New Year's Eve, 1968. I would like to point out: my grandmother's basement, the location of this party (recognizable by the wood paneling) had a very low ceiling. I am perplexed as to how some of those high hairstyles survived the night.
Grandma enjoyed visiting her friends in Las Vegas, and they would find big adventure driving around seeing the sights and playing the penny slots. Here she is somewhere in Nevada, and she was apparently delighted by the sight of the covered wagons. Never mind the fact that the street was still under construction, judging by the visible dirt road. And let's all take a moment to appreciate the jacket.
I'm not sure what's going on in this photo, but whatever it was I AM sure the Palmer House Hotel was never the same after.
Grandma is on the right. I think the guy to her left is her brother, Buster?...on the far right is her husband, my grandfather who died before I was born. Look how they carry themselves, with such confidence and looking so great. It really was the golden age of American style.
I've been to Paris a few times, and whenever I am there I obsessively take photos of bits and pieces of the city. The top image is Ritz Paris, the famed hotel where I stayed on one of my trips. I liked the shadows on the building.
The second, less-interesting photo is the entrance to the Rue du Passy stop on the Metro. The building behind it is where I lived when I worked there as a model. Every day I would walk down those steps, grinding my teeth as I summoned the guts to go through another day of work and still retain a shred of self-confidence. Entering that Metro station, walking down those steps, was like crossing a line of battle. I was thrilled to be there, working, but...it was a lot to deal with mentally.
The apartment itself was the best part--I wish I had some good photos of it. Rue du Passy is in the 16th arrondissement, which is a beautiful area. Originally I was supposed to live someplace else--that first place was an extra room living with an elderly woman, but when I showed up the first day she called the agency and said she didn't want me there because I didn't speak French, and also she thought she was going to die soon. So, my agent told me to just leave, and I moved in with agency owner's brother. He, too, was elderly, and he had a home-care nurse come every day to do something behind closed doors; I never found out what specifically was wrong. It didn't matter. He was nice, and we'd watch old movies together at night. I was the only model with the agency to have my own bedroom, so I lucked out.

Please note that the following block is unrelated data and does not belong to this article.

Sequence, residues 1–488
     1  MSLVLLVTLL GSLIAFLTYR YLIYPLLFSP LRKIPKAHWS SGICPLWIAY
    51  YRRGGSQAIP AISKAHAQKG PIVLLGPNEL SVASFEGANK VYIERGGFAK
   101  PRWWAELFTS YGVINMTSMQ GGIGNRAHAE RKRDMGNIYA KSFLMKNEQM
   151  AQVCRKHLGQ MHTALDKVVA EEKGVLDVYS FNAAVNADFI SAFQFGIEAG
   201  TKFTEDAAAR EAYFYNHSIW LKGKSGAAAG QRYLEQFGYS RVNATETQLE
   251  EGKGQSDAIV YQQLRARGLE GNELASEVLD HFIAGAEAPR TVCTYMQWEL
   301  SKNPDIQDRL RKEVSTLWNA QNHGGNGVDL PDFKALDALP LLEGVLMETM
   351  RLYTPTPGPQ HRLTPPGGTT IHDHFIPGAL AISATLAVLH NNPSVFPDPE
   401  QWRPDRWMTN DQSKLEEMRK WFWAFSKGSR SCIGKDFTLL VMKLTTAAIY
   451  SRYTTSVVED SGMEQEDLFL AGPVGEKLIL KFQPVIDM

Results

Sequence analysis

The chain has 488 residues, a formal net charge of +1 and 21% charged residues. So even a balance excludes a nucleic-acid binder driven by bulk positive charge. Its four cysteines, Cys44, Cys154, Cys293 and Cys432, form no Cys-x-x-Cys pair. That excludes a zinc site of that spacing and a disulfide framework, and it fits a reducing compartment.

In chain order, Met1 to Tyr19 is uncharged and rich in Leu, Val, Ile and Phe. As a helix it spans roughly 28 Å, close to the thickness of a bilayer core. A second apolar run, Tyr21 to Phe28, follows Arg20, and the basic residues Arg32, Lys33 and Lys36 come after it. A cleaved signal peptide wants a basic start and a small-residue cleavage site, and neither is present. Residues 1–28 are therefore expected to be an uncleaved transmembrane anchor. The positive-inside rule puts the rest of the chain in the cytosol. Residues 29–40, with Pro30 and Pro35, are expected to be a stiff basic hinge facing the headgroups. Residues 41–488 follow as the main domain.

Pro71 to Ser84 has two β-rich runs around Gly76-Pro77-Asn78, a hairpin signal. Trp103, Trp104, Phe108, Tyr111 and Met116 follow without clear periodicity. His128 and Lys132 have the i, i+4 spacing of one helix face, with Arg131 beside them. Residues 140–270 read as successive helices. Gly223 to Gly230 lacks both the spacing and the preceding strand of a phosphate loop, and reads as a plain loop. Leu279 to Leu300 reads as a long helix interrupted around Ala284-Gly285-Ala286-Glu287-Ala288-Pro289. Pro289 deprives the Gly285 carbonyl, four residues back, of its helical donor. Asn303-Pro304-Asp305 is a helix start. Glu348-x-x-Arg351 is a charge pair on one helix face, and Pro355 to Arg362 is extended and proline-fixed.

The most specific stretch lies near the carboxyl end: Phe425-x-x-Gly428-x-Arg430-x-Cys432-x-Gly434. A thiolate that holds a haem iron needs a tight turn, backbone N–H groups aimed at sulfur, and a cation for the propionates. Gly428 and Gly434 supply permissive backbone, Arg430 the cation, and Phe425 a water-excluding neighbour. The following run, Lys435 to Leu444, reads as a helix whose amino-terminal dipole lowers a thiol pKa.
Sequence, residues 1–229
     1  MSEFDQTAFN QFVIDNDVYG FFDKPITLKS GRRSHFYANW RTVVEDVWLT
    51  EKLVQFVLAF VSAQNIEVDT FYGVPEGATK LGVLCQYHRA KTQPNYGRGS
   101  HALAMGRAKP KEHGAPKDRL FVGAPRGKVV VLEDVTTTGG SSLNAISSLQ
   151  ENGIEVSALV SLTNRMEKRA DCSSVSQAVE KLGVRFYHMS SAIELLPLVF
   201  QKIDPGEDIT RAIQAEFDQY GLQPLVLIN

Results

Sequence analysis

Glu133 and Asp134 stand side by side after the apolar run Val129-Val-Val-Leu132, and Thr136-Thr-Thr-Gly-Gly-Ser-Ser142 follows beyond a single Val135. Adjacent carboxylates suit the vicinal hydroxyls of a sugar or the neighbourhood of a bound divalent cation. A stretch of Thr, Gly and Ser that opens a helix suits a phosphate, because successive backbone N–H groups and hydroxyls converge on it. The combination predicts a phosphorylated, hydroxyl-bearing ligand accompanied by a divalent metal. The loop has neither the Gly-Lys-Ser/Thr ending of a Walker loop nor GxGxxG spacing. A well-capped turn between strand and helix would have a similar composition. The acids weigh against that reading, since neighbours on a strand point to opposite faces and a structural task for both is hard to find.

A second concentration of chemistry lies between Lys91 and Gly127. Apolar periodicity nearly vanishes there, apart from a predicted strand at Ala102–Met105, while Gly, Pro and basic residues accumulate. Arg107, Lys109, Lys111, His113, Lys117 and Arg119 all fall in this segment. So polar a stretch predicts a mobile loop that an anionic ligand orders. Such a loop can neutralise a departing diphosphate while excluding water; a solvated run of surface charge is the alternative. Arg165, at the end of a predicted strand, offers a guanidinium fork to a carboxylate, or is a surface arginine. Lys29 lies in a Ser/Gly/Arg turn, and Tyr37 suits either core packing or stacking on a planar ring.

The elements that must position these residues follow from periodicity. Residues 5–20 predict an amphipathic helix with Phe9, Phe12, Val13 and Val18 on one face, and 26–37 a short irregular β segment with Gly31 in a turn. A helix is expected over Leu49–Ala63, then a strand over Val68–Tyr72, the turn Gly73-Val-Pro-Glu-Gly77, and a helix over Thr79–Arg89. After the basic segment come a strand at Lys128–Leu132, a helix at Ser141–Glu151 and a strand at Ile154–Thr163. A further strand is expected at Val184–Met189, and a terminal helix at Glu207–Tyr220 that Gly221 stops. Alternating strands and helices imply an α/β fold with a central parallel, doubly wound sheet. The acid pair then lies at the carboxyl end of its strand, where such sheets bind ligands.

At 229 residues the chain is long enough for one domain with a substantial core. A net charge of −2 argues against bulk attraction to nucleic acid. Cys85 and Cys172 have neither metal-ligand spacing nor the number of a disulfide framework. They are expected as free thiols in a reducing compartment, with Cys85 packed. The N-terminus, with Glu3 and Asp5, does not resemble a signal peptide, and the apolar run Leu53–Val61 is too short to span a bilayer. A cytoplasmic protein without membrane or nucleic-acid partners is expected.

This was my agent, Paula, a wonderful woman from Lebanon who would hug me every day and call me "mon petit Dan." The guy on the left was another model with the agency. Obviously it was dark so this is a terrible photo but I loved Paula and this is my only photo of her. That night the three of us went to dinner and saw the Australian movie "Love Serenade." Paula went to only English-language movies, because she said "French films are SHIT." I couldn't tell you anything about the jobs I did, but I remember that movie night like it was yesterday.
These are two of my friends--the guy on the left was from Ohio, and the guy on the right was from Wales. Our main source of entertainment was going from party to party, where of course we weren't technically invited, looking for free food because we were so poor. Usually all we found was free champagne, which we drank like it was keeping us alive. Although the Ohio guy actually worked a lot doing catalog jobs, and those pay really well, so I think he had money and was just going along for fun.
In the middle is my grandmother, maternal side. She was the most genuinely happy person I have ever known. She taught me how to gamble and how to decorate even the simplest of meals with a sprig of parsley.
Grandma is in the middle of this photo. Back in the day, her basement was the site of countless parties, complete with Crock pots of assorted dips and music for dancing. People drove in from far and wide for her parties and had loads of fun, despite the body language of her friend on the far right, although I can't imagine how anyone could exist with that magical hairdo and not be consumed with utter joy. And need we discuss the liquor? Nothing needs to be said about that. Just take a look at the dainty glass that Dearest Grandma is holding, although I'm not sure why it is covered in a protective net.
It is every renter's worst nightmare: my building has been sold.
I have lived in this apartment for over 7 years, with no lease and never an increase in my already-inexpensive rent. Had it not been for this apartment, I would not have been able to afford going back to nursing school. It's a dump but it's home.
Without having final word of what is going to happen to all of us, I nonetheless began the process of cleaning out my closets, which have collected the memoribilia and detritus of years of life. In the back of a closet, way up high on a shelf, I found a box of photos that I apparently stashed there for safe-keeping, and then completely forgot about it as is usually the case with such well-intentioned ideas.
The paper on some of the photos is begging to disintegrate, so I scanned them all to share with family. Some of them are far too marvelous to not share with the ones and tens of people who read this blog, so I'll post them for all to enjoy. The first is below. I'm on the left. Apparently the same love that people have for pugs or other such odd-looking creatures is what my mother felt for me. And God bless her for it.